Council on brink

Watching closely: municipal monitor Peter Stephenson (centre) at last Wednesday’s South Gippsland Shire Council meeting in the Leongatha chamber. He has provided urgent advice to Victorian Local Government Minister Adem Somyurek about whether the two latest resignations impact council’s ability to govern and serve the community.

SOUTH Gippsland Shire Council could be closer to be dismissed by the State Government after another two councillors resigned last Thursday.

The resignations of councillors Jim Fawcett in the morning and then Lorraine Brunt in the evening prompted Victorian Local Government Minister Adem Somyurek to call for urgent advice from municipal monitor Peter Stephenson – who is watching council’s governance – about if the resignations affect council’s ability to govern and deliver services.

If council is sacked, administrators will be appointed to oversee council, and their remuneration and allowances will be paid by council.

Cr Fawcett does not have confidence in council staying, saying, “I do not believe this council is functional and I do not believe this council is making good decisions in the best interests of the community.”

Crs Brunt and Fawcett cited actions by mayor Cr Don Hill and a group of councillors as being behind their decision to quit.

They revealed bullying, poor governance, abuse of process, poor behaviour, attempts to overturn council decisions, councillors threatening other councillors with legal action and councillors allowing their personal objectives to get in the way of their duties as councillors.

Four councillors – including Meg Edwards and Maxine Kiel – have now resigned from council this term, but mayor Cr Hill believes there is nothing wrong within the council group.

In response to the latest resignations, the mayor said, “Whilst every councillor has the right to take such action it is disappointing that they chose not to continue to represent the ratepayers that elected them both and support the decision of council”, referring to council’s decision last Wednesday to advertise the CEO’s position and not re-appoint CEO Tim Tamlin.

“Council is functioning effectively, ensuring a good and appropriate governance standard with the assistance of the oversight of the municipal monitor,” Cr Hill continued.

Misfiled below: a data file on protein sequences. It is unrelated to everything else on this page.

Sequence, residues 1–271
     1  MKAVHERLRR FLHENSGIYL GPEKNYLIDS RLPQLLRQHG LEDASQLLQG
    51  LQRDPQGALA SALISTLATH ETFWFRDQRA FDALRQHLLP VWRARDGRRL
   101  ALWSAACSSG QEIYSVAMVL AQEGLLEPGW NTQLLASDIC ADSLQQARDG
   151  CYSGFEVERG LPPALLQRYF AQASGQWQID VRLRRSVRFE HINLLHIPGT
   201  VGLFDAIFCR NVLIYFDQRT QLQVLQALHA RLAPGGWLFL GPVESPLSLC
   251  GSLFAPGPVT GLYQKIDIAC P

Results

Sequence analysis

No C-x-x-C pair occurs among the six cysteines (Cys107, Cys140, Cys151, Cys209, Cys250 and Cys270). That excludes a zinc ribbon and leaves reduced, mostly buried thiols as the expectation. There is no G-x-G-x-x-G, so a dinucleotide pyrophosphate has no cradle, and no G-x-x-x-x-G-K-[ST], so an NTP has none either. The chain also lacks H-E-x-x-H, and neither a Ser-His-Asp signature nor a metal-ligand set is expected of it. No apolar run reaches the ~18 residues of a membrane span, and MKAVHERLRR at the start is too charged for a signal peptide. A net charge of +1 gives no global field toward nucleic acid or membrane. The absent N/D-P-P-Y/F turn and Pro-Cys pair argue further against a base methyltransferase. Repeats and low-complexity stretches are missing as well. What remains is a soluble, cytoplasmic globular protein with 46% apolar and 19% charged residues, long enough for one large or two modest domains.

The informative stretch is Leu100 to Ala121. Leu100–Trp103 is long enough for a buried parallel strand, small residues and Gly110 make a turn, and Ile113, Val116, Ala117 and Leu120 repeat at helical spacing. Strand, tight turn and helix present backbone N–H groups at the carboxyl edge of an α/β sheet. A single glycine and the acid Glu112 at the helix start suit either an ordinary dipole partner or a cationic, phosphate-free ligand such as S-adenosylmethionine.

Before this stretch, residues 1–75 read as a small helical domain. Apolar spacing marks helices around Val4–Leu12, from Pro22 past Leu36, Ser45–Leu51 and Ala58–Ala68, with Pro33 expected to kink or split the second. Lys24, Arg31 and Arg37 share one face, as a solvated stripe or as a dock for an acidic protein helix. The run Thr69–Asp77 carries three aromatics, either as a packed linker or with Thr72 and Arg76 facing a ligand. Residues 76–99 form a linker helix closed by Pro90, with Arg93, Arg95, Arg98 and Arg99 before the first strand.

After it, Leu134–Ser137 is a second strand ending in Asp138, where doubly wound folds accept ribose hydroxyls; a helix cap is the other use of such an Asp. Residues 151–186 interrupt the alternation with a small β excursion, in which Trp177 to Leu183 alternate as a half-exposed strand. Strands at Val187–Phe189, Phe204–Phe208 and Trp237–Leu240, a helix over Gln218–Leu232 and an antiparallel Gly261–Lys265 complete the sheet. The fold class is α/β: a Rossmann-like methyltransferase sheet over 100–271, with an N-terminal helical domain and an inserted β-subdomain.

“The remaining seven councillors will continue to represent the ratepayers to the best of their abilities and will welcome the two new councillors when they take up their positions.

“This event will not impact the ability of council to provide good governance or deliver services to its community.”

In regards to the CEO decision, councillors Fawcett and Brunt said while council was entitled to make such a decision, the way councillors went about doing so was inappropriate, with Cr Brunt saying the decision was “orchestrated”.

The mayor’s response prompted an irate reaction from Cr Brunt, who said, “The content, tone, lack of respect and lack of acknowledgement by our mayor of (my) six years of service and immediate past mayor shows exactly why I have decided to call it a day.

“The comment that the mayor makes that seven councillors will continue to make decision(s) will not be the case. Our effective date of resignation 01-04-2019 will see Jim Fawcett and myself at the March formal meeting.”

Cr Brunt added, “A councillor that is being defamed or attacked by the mayor is rarely shown any support from fellow councillors.”

Cr Aaron Brown said he agreed with councillors Fawcett and Brunt’s allegations about governance, decision making, and inappropriate behaviour demonstrated by some councillors.

However Cr Ray Argento commented on The Star’s Facebook post about the resignation, “Disappointed political game playing by former councillors.”

Cr Argento told The Star he had seen political games between ex-councillors from the former council and those who were re-elected, with accusations made against councillors in general, without them being named.

Cr Hill rejected the allegations of legal threats and said he believed the council would still be in place by June.

Korumburra Business Association president Noelene Cosson said she believed the whole situation was an “embarrassment” for the shire.

“The municipal monitor has been in place now for sometime and he must know everything firsthand on what has been going on with this group of councillors,” she said.

“We hope with these latest resignations he is able to act sooner rather than later as the process has been going on for long enough. 

“We hope the people concerned are named and shamed so the community can see who have been the trouble-makers in all of this and that the people resigning have done so for very good reasons. That would go a long way to healing the damage that is being made.”

Ms Cosson said she believed the business community was “sick of this councillor fighting as it just distracts from getting on with things”.

“Korumburra has some great projects in the pipeline and we don’t want to see anything stalled because of our dysfunctional councillors,” she said.

Short URL: http://thestar.com.au/?p=27781

Posted by on Mar 5 2019. Filed under Featured, News. You can follow any responses to this entry through the RSS 2.0. You can leave a response or trackback to this entry

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